Soon after the Boston exposé, the story gained momentum. A commission in Ireland noted “endemic” abuse in Catholic institutions, saying that leaders failed to “stop beatings, rapes and humiliation”; a 2012 police report in Australia found that at least 40 suicides were directly related to Catholic clergy in the state of Victoria alone; a commission in France found that 216,000 children had been abused. Italy will perhaps prove to be the most disturbing tale of all — demonstrating, once again, that when we fail to confront abuse, it compounds.

Yet let us look not merely at what happened but, more importantly, why. We sometimes forget the surrealism of Catholic theology and how deep it reaches into the mental furniture of its adherents. We forget about how the ex cathedra infallibility of the Pope is taught to children as literal truth, about how cardinals are proclaimed to be conduits to the Almighty, about how priests have power to conduct the sacrament. Under the divine authority of these frocked men, bread and wine become the literal body and blood of Christ, a transubstantiation that must seem as miraculous as it is marvellous for children looking on.

And this is why I was not at all surprised to hear that priests cunningly used the confessional itself, the sacred chamber of their power of absolution, to rape and abuse children. I was even less surprised to hear that many more had attacked the young at the very moment they were hailing Mary or during solemn prayer. What better ruse to generate compliance than to insinuate that the evil taking place was in God’s divine plan, a terrible conflation that goes to the heart of the psychological trauma that is still unfolding around the world?

And doesn’t this show that this isn’t merely about the crimes of priests, or even the Catholic Church? It is, I would suggest, the inevitable consequence of placing divine authority in holy men and manuscripts. When the human mind has been groomed to accept the existence of a supernatural creator who is both benevolent and omnipotent, the moral capacity to gainsay evil from those who are held up to be His representatives is not merely reduced but, very often, liquidated.

Isn’t this how criminals masquerading as priests were able to compel silence at such astonishing scale? Isn’t it how fundamentalist imams are able to inspire youngsters to commit mass murder in suicide missions, assuring them that these acts are not evil but the highest form of virtue? Isn’t this — to widen the perspective — the way that religious institutions have perpetrated crimes throughout history, a story that must be understood not as an aberration but as an essential feature of any kind of fundamentalism?

It is not coincidental that sacred rituals were the vehicle by which Geoghan violated children, something that occurred with such frequency that it became common knowledge in the church. Frank Leary was 13 when he was invited to the rectory, walking past a nun and another priest on the way to Geoghan’s private room, where he was instructed to pray as he was molested.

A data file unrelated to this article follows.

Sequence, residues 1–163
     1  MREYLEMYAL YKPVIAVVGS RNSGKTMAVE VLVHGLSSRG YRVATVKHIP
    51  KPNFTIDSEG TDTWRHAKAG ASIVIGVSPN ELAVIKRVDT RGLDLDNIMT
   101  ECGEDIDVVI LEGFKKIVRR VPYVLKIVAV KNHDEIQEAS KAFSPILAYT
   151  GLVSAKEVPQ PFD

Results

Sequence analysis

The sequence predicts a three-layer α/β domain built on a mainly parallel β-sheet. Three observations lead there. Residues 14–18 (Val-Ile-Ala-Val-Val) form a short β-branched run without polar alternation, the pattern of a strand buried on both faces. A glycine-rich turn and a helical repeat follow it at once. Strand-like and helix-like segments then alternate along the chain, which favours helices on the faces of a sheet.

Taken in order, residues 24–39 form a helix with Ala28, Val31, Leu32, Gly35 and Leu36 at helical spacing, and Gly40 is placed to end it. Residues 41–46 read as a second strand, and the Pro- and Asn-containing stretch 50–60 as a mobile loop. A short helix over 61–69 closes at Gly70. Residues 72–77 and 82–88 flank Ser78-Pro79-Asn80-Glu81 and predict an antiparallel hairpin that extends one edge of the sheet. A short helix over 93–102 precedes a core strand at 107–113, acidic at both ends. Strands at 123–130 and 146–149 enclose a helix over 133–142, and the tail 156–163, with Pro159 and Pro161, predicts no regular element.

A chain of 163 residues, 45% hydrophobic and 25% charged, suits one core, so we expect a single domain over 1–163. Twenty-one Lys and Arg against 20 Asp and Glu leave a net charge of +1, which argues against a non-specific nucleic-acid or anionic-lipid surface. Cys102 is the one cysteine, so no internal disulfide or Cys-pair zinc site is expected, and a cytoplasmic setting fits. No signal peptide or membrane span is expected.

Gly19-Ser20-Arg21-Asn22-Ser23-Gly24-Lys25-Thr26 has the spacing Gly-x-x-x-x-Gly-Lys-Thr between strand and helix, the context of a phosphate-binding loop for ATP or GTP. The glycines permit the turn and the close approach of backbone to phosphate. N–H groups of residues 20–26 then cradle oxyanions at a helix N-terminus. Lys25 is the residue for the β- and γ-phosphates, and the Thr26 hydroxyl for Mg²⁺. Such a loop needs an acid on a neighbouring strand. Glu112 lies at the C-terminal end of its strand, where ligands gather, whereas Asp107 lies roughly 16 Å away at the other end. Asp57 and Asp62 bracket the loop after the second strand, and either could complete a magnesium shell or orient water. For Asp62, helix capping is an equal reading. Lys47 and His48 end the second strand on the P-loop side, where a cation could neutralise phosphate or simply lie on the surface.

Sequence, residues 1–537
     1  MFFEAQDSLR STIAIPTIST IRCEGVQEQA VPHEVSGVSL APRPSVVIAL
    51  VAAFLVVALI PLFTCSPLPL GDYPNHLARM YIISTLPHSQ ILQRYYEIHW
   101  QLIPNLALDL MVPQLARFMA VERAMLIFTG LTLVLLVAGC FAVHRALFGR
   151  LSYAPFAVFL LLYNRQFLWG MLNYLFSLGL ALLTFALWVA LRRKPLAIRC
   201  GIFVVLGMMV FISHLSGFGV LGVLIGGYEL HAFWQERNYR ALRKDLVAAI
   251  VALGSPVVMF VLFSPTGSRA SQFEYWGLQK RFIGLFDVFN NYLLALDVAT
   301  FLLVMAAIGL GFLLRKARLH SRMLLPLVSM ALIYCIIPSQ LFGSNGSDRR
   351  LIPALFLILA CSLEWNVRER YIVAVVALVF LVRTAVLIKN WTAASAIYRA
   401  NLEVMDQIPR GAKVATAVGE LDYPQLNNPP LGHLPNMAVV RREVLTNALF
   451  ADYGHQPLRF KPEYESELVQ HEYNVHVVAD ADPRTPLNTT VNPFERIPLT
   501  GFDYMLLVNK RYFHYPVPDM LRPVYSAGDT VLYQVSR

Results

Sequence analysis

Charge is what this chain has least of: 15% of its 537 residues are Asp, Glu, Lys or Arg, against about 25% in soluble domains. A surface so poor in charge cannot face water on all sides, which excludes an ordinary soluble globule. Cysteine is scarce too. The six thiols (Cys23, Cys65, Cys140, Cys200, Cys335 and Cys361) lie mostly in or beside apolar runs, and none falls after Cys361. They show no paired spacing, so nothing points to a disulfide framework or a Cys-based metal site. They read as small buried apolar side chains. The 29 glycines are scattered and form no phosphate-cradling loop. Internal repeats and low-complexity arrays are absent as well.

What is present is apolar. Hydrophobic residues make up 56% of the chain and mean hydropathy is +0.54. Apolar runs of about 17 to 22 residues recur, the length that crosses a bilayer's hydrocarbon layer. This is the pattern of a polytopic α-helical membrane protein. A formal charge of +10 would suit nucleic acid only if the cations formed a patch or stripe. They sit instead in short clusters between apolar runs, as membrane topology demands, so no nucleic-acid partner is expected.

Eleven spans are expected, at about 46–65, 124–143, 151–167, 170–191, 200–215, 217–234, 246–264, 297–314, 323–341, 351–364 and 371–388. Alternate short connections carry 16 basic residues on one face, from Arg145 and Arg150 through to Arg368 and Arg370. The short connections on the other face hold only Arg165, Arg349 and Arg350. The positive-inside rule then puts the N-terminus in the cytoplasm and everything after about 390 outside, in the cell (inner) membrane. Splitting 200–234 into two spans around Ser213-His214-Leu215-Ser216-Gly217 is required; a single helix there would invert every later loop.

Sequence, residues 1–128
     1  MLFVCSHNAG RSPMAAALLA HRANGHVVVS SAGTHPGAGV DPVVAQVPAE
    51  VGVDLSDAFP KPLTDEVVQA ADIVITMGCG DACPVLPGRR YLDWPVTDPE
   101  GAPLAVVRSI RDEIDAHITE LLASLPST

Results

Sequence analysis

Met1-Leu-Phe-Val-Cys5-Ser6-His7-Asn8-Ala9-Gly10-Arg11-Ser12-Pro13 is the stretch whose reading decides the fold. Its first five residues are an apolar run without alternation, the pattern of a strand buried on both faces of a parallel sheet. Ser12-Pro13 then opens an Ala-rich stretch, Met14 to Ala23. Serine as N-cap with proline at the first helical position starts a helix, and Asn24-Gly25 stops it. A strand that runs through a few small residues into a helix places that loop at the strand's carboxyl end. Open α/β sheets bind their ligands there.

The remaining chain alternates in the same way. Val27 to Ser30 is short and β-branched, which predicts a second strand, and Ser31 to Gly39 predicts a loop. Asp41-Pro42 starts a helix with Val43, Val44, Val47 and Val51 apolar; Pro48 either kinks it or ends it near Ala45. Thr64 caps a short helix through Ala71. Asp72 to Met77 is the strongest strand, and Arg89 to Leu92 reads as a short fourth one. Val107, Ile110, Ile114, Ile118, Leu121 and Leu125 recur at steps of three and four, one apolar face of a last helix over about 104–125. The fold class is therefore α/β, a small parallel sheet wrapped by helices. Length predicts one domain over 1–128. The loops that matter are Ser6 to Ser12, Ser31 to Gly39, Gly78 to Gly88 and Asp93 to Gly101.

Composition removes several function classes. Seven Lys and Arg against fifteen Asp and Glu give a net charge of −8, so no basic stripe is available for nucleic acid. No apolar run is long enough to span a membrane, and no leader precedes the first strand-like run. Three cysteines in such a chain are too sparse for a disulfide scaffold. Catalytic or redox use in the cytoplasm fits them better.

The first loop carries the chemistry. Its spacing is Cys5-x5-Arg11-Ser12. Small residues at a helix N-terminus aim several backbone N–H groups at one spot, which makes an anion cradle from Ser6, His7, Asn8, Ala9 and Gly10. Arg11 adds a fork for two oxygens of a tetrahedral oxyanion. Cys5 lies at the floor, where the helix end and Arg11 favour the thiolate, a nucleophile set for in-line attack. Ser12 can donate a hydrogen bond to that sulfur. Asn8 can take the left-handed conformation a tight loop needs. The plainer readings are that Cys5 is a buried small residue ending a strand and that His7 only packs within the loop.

“I couldn’t move. I was frozen,” Leary would later say. “I was trying to hold back the tears and keep saying my prayers and keep my eyes closed. He was saying prayers too.”

Joseph Ratzinger knew of all this too, although he shamefully denied it. A German inquiry found that the man who became Pope Benedict XVI failed to act in four child abuse cases when Archbishop of Munich, enabling the perpetrators to remain active in pastoral care — a sure indication of how high the criminality travelled. And how many dozens, perhaps hundreds, knew of the evils perpetrated at schools for deaf children in Verona and Mendoza, Argentina, children who often literally lacked the voice to cry for help? Could there be a more chilling metaphor for what happened, and still happens?

I should say, loud and clear, that the Catholic Church does many good things; there are many good priests and many upstanding members of the flock. It is also worth noting that the abuse is not limited to Catholic institutions. But perhaps I might also say, just as loudly, that this doesn’t excuse a single crime perpetrated under the auspices of the church; nor should it blind us to the breadth of culpability within its hierarchy.

Indeed, I would suggest that there is a deep symmetry between these two facets of the church, the good providing cover for the bad, the theology of beneficence offering the pretext for the perpetration of evil. This is the duality that always has been central to institutional religion, and will remain so. And this is why it is misguided to argue over whether the Catholic Church is a benign organisation or a criminal racket, for the truth has always been more subtle. It is both.